Airtel’s ‘’class’’ propaganda or how to re(interpret) an advertisement


I am sure you must have already seen the new Airtel ‘1 rupee internet’ advertisements (a bit older now). My surety comes from the culture of ‘force-feeding’ of advertisements we are witnessing in the digital age. Not yet? Please do and don’t watch it the way you always do- absent mindedly! There’s a lot in it for you to know and understand about the hegemonic ideas of our society and how ‘a class’ exploits the ‘other’ for its own ends. It could be illuminating and could help you understand the exploitative-class structure without reading ‘tons’ of literature on it. Though, I still suggest you read those tons of literature.

Here, I will try to help you understand why the Airtel advertisements resemble the class structure (which is inherently unjust) and how it propagates ideas which help this structure survive.

Propaganda Advertisement One:


Here, a young lift-man is asking another young fellow to be his friend on Facebook. Their appearances and roles make it easy to understand which particular class they belong to. The lift- man obviously belongs to the ‘other’ and the other young fellow, a product of the ignorant and apathetic middle class of India.

Let’s call the lift-man as ‘A’ and the other fellow as ‘B’. Soon after hearing the ‘friendship’ proposal from A, B takes a pause to think and finally agrees to it, and the advertisement ends with good background music and this particular line- ‘Facebook for one rupee, friendship free’.

Okay, now let’s ask some questions:

1. Why is it that A approaches B for friendship and not vice-versa?

2. Why is it that A’s name on Facebook is ‘Rocky’ and not his real name Rakeshnath?

3. Why is it that Airtel wants us to use Facebook, and why is it trying to re-define the notion of friendship as a Facebook phenomena?

Speculative answers:

1. A approaches B for friendship, because A aspires to be like B. The character of B is what is sold in the market. Everyone wants to dress up in jeans, t-shirt, sneakers and have a good phone, overall, ‘the good life’. And B’s appearance makes him look like someone who is well-to-do. Or, rather this is how a well-to-do person ought to be like? We need to ask this to ourselves! B doesn’t approaches A for a friendship because, B doesn’t need him, A’s someone who doesn’t fit into B’s mental space for he doesn’t resemble A’s idea of ‘well-to-do’, which, in fact, is manufactured by the marketing and advertising experts exploiting our sensual desires.

2. A’s name is Rocky, because it sounds ‘cool’. It sounds cool because western media says so, and also makes sure that it actually does, through movies and advertisements primarily. It’s Rocky and not ‘Raju’, ‘Usmaan’ or ‘Zizek’, because we’re so dominated by western media that all our thoughts are approved by them. Plus, we’re also made to be feel ashamed of our ‘indigenous’ culture.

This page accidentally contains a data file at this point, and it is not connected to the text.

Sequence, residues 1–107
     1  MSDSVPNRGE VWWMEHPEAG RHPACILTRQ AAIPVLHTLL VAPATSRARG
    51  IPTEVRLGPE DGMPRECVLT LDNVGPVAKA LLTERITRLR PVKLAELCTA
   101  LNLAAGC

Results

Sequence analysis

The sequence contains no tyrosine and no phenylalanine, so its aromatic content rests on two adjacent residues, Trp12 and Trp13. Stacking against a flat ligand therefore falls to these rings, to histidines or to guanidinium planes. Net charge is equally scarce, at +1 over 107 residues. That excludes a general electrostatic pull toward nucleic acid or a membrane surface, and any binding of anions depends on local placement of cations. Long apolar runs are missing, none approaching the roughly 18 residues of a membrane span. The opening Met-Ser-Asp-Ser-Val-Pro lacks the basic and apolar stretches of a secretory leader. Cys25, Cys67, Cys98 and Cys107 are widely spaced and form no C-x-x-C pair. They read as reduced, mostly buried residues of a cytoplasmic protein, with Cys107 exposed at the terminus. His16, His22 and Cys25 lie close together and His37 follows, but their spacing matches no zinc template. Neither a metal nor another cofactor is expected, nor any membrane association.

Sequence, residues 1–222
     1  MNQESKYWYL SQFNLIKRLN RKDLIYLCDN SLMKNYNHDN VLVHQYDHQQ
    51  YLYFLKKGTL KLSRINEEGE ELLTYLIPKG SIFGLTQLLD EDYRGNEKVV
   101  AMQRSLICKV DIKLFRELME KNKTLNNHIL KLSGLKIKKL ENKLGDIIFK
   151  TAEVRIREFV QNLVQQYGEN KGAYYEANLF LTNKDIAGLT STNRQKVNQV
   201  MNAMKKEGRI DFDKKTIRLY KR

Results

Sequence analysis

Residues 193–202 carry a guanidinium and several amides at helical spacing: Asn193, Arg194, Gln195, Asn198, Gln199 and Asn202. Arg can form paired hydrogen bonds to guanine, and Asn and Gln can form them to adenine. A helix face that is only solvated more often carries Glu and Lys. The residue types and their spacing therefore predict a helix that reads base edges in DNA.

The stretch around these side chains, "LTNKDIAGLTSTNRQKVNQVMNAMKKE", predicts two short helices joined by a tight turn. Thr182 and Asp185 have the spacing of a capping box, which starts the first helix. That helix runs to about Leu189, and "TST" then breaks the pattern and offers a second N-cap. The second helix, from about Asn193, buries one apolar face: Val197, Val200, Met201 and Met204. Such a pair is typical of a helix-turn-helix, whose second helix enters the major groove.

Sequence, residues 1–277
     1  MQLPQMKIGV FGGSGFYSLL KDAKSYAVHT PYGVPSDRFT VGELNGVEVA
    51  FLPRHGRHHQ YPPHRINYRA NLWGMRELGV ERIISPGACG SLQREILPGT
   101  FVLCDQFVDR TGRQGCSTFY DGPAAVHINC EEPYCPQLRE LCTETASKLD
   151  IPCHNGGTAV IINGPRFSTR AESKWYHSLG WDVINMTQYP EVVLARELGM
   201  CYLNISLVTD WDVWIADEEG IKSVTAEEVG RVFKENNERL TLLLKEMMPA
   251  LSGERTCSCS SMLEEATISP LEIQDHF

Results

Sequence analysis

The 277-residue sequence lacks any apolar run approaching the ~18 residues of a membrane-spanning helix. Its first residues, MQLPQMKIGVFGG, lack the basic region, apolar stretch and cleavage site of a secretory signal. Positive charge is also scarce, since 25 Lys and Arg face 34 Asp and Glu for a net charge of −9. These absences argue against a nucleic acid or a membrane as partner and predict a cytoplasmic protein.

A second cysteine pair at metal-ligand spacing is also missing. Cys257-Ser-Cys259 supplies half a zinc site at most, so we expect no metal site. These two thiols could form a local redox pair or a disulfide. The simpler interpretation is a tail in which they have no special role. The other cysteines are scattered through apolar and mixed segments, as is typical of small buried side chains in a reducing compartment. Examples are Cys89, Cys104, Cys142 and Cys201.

3. Simple. So that you benefit both Facebook (sells your personal data and also stores your data permanently) and Airtel (surveillance, may be), who in return, would spend only 2% of their income as Corporate Social Responsibility (CSR) – a pittance! Their CEO’s see tenfold rise in income, while the bottom workforce would be paid just enough to survive.

Propaganda Advertisement Two:


Questions and Answers:

The advertisement reflects our mindset towards women, of a specific kind, who uses e-mail, and this is how she should be (look) like- young, independent, office going, et cetera. And with a smart phone, of course! Or, is it not the case? If not, then what is it?

I felt such rage when the ‘B’ type woman suspiciously asks the ‘A’ type woman whether she would have ‘’e-mail’’ in her phone? Why can’t she? Only office going females, without a baby and dressed ‘nicely’ can have e-mail facility in their phone? Why is it that we take for granted that the ‘typical’ Indian woman won’t be like what this particular advertisement and other forms of media content tell us?

Both these advertisements so brilliantly reflect (and also exploit) our ideas on what is ‘well-to-do’ and the ‘ought-to-be’ that we seldom realsie it is not what it should be.

Post-scriptum: Why do we permit ourselves and others, without a moment’s thought, to judge one on its appearance rather than on one’s character?

“The ideas of the ruling class are in every epoch the ruling ideas, i.e. the class which is the ruling material force of society, is at the same time its ruling intellectual force. The class which has the means of material production at its disposal, has control at the same time over the means of mental production, so that thereby, generally speaking, the ideas of those who lack the means of mental production are subject to it. The ruling ideas are nothing more than the ideal expression of the dominant material relationships, the dominant material relationships grasped as ideas.”


“The means of communication, the irresistible output of the entertainment and information industry carry with them prescribed attitudes and habits, certain intellectual and emotional reactions which bind the consumers to the producers and, through the latter to the whole social system. The products indoctrinate and manipulate; they promote a false consciousness which is immune against its falsehood…Thus emerges a pattern of one-dimensional thought and behavior.”

Herbert Marcuse

So, the next time you see an advertisement; THINK.

– Avinay


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